Wednesday, March 27, 2013

do you like to watch.... paint?!  last thursday i set up at the Eldorado Hotel lobby for a private event where i painted while friends and collectors nibbled on appetizers, talked and laughed, and sampled vodka and whiskey from KGB Spirits out of Alcalde, NM. (i have no idea where that is...must google it and make a trip, the vodka was smooth!)

now i don't know why, i guess i'm a bit of a performer, but i paint very well in front of an audience.  several times i was so into working that people had to tap me on the shoulder to get my attention and i jumped ten feet off the floor.  i enjoy talking to people about my work and for them to see how i create.  my actions are fast and i can cover a lot of ground quickly, even with a small brush.  i spend a lot of time going over the same areas in order to get the right shift of color and value.  i usually work from photos of clouds or landscapes, or even from pictures of a color that i found on my walks to work.  sometimes i'm a little more loose and am just going for a feeling, like with my spring piece, "On Your Way".

in other news, the allergies are a tiny bit better, the asthma is still killing me every time i walk outside, but i'm going on vacation to palm springs, ca next week so hopefully i'll get a breather (ha, get it, i can breathe?!) and a little refresh so i can come home and start another new group of paintings.  i'll leave you with this beauty shot of one of my small works, "Setting," skillfully captured by Beals & Abbate's photographer, Alex.  

Wednesday, March 20, 2013


i can't believe how busy i'm getting!  so much going on lately, the energy is adding to my paintings and things are flowing faster and better.  finishing up some things now before my reception at the Eldorado Hotel on thursday.  there will be wine and food and me, painting and chatting with people from 4:30-6:30.  if you're local and want to hang out, please come by, the more the merrier! (and the more popular i look!)  

it's a rough time of year for me.  as much as i love the idea of spring and warmer weather, in santa fe spring is kinda deadly for me.  i'm severely allergic to juniper pollen.  just walking from my apartment door to my jeep about 15 feet away sends me into an asthma/sneezing attack.  i'm on allergy meds, a steroid shot, eye drops, a face mask, and an inhaler and still pretty miserable.  is there some kind of artist exchange program that i can start every spring that will send me to a nice, juniper-less place where i can actually breathe?!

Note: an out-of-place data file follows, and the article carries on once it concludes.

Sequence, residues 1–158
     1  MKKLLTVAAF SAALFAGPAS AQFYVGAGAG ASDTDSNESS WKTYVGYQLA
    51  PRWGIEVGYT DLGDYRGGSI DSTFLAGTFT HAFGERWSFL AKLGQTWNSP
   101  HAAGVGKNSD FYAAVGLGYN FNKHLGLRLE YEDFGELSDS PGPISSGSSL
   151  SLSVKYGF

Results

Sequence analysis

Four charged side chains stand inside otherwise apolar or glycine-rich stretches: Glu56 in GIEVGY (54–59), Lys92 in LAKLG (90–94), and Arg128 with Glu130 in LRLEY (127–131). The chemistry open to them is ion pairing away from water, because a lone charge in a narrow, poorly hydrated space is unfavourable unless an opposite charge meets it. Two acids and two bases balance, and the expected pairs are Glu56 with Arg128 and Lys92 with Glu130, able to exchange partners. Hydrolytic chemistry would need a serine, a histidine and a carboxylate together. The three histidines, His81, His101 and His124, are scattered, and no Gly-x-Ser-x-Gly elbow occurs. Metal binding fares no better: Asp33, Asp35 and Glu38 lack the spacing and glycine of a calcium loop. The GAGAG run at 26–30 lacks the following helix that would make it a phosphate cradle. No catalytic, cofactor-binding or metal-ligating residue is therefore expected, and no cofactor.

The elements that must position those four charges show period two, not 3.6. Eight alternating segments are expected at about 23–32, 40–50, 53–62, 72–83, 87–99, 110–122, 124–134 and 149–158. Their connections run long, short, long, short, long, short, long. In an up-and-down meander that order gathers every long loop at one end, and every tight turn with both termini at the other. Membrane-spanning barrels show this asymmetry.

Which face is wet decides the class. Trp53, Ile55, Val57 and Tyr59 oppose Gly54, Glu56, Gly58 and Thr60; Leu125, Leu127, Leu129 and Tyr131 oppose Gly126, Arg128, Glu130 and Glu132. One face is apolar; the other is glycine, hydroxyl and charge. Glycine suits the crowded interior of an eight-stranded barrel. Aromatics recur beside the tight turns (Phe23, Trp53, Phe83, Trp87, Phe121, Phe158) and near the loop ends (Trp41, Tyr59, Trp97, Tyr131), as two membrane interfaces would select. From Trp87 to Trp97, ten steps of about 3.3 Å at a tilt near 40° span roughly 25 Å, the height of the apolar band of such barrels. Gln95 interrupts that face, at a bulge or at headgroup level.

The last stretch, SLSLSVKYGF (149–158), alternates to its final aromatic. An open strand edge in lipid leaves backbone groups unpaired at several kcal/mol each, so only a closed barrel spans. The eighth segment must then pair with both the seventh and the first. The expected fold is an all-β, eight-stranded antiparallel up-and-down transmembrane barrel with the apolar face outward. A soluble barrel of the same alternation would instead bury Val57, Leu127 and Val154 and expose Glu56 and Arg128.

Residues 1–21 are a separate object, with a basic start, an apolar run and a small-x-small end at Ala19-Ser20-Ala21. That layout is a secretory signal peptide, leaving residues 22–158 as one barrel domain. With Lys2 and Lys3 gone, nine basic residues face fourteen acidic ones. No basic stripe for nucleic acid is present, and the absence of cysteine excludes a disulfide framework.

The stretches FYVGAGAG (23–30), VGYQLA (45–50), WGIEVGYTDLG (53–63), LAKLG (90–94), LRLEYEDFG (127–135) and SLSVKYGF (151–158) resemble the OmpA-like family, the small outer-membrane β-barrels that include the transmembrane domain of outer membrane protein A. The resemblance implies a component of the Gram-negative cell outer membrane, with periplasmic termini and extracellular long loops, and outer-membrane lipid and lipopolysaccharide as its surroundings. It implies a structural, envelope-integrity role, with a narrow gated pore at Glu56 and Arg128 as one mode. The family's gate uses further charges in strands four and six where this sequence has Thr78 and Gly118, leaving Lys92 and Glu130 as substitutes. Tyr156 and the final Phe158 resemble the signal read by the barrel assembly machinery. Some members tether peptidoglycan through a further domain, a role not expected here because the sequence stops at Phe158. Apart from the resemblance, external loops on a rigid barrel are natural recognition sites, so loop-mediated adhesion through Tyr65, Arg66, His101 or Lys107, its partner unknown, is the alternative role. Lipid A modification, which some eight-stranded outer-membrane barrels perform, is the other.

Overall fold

this week i stopped and dropped two paintings off at SmithKlein in boulder, colorado and i'll have at least 6 new pieces for the event on thursday.  i'll also start something new tomorrow night that i'll be working on during the event.  it's a good chance to see me work my signature brushstroke!  

looking forward to a good year ahead!


oil on canvas

any title ideas?!  i usually get it from music, will have to think on it...

Tuesday, March 5, 2013

the edge of sanity

let's talk edges.  there are several ways that artists can finish their edges.  you can use a frame, in which you usually want to use canvas with thinner stretcher bars so they fit in pre-made frames or the less expensive frame choices at the frame shop.  if you paint on thicker canvases like i do, you have to use deeper, more expensive frames which look sharp with some spacing but add size and weight to the entire piece.  i don't believe that frames work well with my work because of the range of values and color, no one style of frame will work and it's important to keep everything unified.  if i used all black frames it contrasts with lighter pieces and darkens the dark pieces.  i also don't like the sharp wall, or stopping point on my open, active brushstroke.

another option is to nix the frame and paint the edges all one color, usually black or a color that matches the painting.  i've seen this done successfully and i've seen this done very sloppily and it looked unfinished.  you have to make sure your edges are precise and clean and evenly painted otherwise it doesn't look professional.  

what you're used to seeing with my work is the gallery wrap, or wraparound technique where you just continue the painting around the edges.  i like the look of this for my work, it keeps the space flowing and looks very finished and whole, less like a painting and more like 3-dimensional windows into my little cloudy worlds.  the only problem with this type of edging is if you don't do it while working on the front body of the painting (which is easy to do when your caught up in the energy of a new piece), you have to go back later hoping you have enough matching paint.  many times this process can take longer than the actual painting itself!  in fact, this blog was prompted by a large chunk of my night working on edges and the pain in my neck from painting with my head cocked to the side.  and this ladies and gentlemen is what we call #artistproblems. (if you twitter, search the hashtag, it's rather amusing)  time for a little yoga stretch break...